Medicinal plants and traditional treatment practices used in the management of HIV/AIDS clients in Mpigi District, Uganda
HIV/AIDS is a relatively modern disease that has caused extensive morbidity, mortality and suffering worldwide. Although modern laboratory methods for diagnosis and effective allopathic treatments for HIV/AIDS are available there is limited documentation on practices and treatments used by traditional medicine practitioners (TMPs) in the context of HIV/AIDS. We conducted this study to determine how TMPs of Mpigi and Butambala districts in Uganda diagnose and treat HIV/AIDS and to describe the materials they use. We used an ethnobotanical approach to interview TMPs. TMPs diagnose HIV/AIDS from patients’ own disclosure, history of death of spouse or on the basis of symptoms such as chronic fever. We found that the TMPs administer widely differing herbal medicine formulations with little overlap of plant species to treat HIV/AIDS. The species used are described in this paper. Herbal medicines are prepared in mixtures averaging 20 or more species, and are administered orally and intermittently. Some herbal medicines were reported to have adverse effects and/ or contraindications and the TMPs provided advice concerning their safe use to their patients. Some patients are reported to use herbal medicines concomitantly with ARVs and the clinical consequences of this practice are poorly understood. We conclude that TMPs are experimenting with therapies for HIV/AIDS and that there is need to undertake rigorous efficacy and safety studies as well as controlled clinical studies to validate TMPs’ therapeutic claims.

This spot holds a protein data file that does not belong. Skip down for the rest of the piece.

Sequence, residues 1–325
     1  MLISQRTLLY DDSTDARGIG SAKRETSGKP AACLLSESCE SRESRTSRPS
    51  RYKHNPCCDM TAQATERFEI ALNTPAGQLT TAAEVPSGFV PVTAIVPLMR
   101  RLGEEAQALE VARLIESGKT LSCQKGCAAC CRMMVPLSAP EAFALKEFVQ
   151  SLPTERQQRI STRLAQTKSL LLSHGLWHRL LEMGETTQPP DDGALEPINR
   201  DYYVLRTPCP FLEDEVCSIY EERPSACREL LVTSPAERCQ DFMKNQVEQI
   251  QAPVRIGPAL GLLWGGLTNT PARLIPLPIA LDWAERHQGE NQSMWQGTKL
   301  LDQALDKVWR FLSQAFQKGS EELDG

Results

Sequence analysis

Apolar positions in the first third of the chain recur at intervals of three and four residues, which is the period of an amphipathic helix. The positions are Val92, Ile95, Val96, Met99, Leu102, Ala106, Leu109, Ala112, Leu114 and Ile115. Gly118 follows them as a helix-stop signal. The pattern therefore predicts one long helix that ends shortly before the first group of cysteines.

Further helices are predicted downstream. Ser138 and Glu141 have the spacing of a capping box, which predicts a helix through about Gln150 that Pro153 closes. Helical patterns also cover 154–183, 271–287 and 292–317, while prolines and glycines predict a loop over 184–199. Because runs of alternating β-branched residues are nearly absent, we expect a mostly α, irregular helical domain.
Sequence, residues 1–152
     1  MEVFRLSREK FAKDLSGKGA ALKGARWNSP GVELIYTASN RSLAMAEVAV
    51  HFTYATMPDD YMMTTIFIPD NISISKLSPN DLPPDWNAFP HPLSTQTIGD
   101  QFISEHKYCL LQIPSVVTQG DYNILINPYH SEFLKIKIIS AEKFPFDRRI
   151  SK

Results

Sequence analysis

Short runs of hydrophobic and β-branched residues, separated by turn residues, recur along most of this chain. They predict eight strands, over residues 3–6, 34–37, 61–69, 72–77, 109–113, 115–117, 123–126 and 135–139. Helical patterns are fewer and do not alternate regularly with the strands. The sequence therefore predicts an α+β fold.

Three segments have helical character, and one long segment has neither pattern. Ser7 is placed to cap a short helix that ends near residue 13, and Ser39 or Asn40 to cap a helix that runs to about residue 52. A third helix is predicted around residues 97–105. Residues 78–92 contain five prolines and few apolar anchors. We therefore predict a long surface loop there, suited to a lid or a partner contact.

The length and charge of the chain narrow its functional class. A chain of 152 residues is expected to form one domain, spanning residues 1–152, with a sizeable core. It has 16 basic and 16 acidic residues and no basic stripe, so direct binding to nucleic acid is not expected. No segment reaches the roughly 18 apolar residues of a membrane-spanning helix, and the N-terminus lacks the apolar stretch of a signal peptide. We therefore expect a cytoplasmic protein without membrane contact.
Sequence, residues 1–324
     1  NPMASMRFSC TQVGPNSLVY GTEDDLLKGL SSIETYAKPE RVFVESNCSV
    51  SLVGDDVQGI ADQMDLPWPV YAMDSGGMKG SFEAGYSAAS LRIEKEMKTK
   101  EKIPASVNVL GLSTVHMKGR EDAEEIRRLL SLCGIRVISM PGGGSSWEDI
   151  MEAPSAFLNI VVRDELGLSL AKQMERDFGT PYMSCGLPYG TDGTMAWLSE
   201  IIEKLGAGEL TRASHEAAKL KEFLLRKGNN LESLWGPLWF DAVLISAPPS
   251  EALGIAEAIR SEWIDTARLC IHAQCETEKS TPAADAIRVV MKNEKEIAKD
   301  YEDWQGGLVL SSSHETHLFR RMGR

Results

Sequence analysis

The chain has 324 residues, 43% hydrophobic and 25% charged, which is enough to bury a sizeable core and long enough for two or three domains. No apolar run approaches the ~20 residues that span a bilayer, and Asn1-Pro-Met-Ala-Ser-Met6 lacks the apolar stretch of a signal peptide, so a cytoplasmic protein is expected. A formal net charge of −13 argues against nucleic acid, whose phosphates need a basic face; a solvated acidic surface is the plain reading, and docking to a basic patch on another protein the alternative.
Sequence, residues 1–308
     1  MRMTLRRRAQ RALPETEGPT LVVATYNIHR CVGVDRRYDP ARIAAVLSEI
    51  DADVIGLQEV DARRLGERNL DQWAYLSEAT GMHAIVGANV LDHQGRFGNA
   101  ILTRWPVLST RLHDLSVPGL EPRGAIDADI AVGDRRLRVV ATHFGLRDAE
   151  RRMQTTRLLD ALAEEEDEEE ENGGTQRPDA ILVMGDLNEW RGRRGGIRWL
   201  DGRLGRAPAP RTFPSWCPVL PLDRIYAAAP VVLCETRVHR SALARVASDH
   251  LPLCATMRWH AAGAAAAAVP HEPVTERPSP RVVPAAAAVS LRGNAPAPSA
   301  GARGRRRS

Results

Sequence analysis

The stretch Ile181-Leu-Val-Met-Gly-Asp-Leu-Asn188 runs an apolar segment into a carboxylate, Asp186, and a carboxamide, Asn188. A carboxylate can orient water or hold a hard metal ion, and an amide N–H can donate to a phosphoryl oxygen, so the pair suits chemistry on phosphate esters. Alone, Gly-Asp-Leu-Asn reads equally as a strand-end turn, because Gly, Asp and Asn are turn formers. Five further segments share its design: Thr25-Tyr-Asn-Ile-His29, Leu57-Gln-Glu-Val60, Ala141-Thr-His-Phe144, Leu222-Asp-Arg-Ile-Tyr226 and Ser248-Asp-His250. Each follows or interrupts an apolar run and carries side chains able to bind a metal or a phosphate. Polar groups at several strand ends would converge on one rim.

- Medical and Health Sciences